Shrini K had an excellent question about the concept of a Test Case Yield. Test Cases can take an extraordinary amount of effort to run effectively. It's not uncommon for a lead, manager, (or Testers themselves) to seek high bug counts to demonstrate that this effort is worthwhile.
Some might find this statement alarming, but I find it to be very true: Running Test Cases are not a good way to find bugs! Does this sound backwards and unintuitive? Of course, so allow me to explain myself after making such a broad statement.
Test Cases are a great tool that any Tester should utilize. They provide a structured, repeatable method for assuring that an Expected result is obtained for any given input. This leads to a tester following a strict structure, running test cases that have been run the same way in the past. It encourages and limits a Tester to “stay between the lines” of their test cases, instead of creatively exploring all aspects of their program. The Tester's creativity was applied when they were writing the Test Cases, not when they run them. Running Test Cases is a mechanical process, where the Tester is restricted to only looking for bugs in the ways defined in their Test Cases.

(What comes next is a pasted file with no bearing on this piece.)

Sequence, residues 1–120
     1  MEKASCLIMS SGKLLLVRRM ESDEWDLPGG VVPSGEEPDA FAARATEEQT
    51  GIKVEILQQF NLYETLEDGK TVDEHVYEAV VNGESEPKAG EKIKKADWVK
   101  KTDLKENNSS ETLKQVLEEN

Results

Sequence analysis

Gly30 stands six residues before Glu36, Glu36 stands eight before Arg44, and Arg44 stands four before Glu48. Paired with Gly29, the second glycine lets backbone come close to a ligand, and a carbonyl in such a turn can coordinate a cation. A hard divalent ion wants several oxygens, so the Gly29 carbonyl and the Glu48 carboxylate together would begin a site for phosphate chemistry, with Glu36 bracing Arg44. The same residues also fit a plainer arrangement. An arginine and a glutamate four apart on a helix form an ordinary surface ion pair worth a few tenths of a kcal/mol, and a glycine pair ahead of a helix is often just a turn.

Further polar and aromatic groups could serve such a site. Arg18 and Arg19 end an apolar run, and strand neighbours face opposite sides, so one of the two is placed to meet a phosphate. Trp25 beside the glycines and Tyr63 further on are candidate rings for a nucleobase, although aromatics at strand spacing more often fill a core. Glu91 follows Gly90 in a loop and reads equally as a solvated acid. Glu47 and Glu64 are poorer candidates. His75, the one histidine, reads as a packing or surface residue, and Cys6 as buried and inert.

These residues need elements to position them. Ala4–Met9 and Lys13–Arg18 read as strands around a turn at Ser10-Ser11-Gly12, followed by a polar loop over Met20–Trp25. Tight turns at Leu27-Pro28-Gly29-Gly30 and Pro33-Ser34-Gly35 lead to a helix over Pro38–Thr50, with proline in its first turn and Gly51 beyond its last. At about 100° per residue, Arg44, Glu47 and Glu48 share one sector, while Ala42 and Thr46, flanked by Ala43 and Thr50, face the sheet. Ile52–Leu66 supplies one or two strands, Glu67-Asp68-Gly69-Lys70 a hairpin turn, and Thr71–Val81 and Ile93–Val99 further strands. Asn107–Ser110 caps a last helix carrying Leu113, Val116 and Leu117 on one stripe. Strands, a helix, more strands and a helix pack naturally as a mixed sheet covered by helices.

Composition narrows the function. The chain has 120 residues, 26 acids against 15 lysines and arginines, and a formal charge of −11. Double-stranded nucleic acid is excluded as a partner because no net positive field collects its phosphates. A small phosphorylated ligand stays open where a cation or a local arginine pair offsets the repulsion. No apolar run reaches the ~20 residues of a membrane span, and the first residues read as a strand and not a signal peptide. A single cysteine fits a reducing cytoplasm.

Thus, Test Cases will find bugs only in the areas in which they're written. Each Test Case has probably been run many times before, so bugs in these areas have probably already been found and fixed. You'll find some new bugs and regressions of old bugs, but these really won't be in high numbers.
So, what are Test Cases good for?
- Verification! Test Cases are essential to prove that ALL areas of a product are working at milestone end.
- Finding bug regressions
- Finding new bugs that have appeared since the previous run of a test case.
Test Cases are a valuable tool- just don't expect a high Bug Count when using them. Test Cases are better suited at showing that the software works, instead of finding ways that it doesn't. Low bug counts when running Test Cases is OK, and this is usually expected.